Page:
But when the archbishop returned to Penza on November 11, he found the way into his cell barred by the chekists, who subjected him to a body search and then searched his cell which had been searched so many times already. Although the search, as before, produced no results, the archbishop was arrested and taken to the Cheka headquarters. There it turned out that a certain mythical counter-revolutionary organization had been uncovered, tens of members of which had already been shot (including Vladyka's subdeacon and legal adviser, V.A. Bezsonov). Evidently, the same fate now awaited the archbishop.

The archbishop categorically protested against both the accusation and the sentence, and demanded that his case be reviewed in Moscow - which it was, by the famous Latsis, the president of the secret operations department of the Cheka. Latsis immediately broadened the scope of the accusation to include everything that might be hurled at the archbishop in the course of his whole life. The gathering of this material took three months, the whole of which period the archbishop spent in the Cheka prison. On February 11, 1920, Archbishop John gave explanations concerning the whole of this material to the terrible Latsis himself. The accusation that he belonged to a counter-revolutionary organization was not supported, for the Cheka could provide no proofs. The material gathered from the places where the archbishop had previously served were so trivial that even the conscience of the chekist was forced to renounce their use as evidence against him. Even the press, which was not noted for its squeamishness in the use of material that could be used against the clergy recognized its inferiority and did not begin to use it. (Later, these accusations were seized on and published by the Social-Democrats in Latvia.)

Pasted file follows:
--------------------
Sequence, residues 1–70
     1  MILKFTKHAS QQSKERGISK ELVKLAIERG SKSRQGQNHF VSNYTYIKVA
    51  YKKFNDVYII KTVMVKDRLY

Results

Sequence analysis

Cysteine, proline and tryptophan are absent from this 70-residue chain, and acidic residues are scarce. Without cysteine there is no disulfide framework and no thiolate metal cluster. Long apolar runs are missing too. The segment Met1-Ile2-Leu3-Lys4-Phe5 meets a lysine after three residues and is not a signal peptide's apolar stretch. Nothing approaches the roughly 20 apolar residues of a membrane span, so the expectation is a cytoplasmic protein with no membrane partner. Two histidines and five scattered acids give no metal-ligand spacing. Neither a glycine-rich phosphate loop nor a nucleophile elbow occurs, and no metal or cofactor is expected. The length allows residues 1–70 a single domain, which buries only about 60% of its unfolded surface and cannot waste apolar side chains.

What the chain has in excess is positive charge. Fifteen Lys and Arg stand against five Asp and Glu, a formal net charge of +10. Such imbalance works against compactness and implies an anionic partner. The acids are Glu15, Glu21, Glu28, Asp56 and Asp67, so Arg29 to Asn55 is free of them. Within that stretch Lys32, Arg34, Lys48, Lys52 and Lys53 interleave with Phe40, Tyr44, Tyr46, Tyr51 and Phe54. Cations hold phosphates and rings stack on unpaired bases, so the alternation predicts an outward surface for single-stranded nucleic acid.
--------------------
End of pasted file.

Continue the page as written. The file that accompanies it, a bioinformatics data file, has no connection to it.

On March 11, 1920, the cheka pronounced the archbishop innocent on all counts and gave him a certificate allowing him to carry out his archpastoral service without hindrance.

Thus the future martyr's service in Penza immediately after the October revolution turned out to be one of the most trying periods of his life. Some years later, on the tenth anniversary of his episcopate in Riga, his former parishioners in Penza recorded the following reminiscences of his life and and work in Penza: "Your stay in Penza coincided with the moment when the furious attacks of the forces inimical to the Church were turned into open warfare against her servants and representatives which threatened violence in all its forms and from all sides. In opposition to this you displayed the greatest strength of spirit and power of will. These powerful foundations of your strong character enabled you to survive and overcome all those extraordinarily burdensome conditions of life which fell to your lot in recent years. Following every step of your thorny path in life, we can only marvel at your spiritual firmness and the unusual restraint with which you encountered the trials and sufferings sent you by destiny. We clearly and vividly remember all the physical and moral torments which you endured in Penza in the years of savagery and, at the same time, the spiritual solidarity and unity of the people of Penza which served as a support for you in your terrible struggle legality and righteousness and which placed you at an unattainable spiritual height before the face of the whole population. Those who attended services in the Penza Pokrov church between 1918 and 1920 know what spiritual authority and loved from all was enjoyed by our adored Archbishop John. They also will not forget you, your Eminence, who took part in the cross procession at the Penza cemetery of the holy myrrh-bearing women, which symbolized that way of the cross which the physically exhausted, spiritually suffering and morally tormented people had to tread. At that holy and heavy hour all eyes and hopes were trained directed on the man who in the name of the Lord called the people to obedient patience and expectation of the resurrection of a Russia cleansed from the sins of the past, for which she had to pay so dearly and cruelly.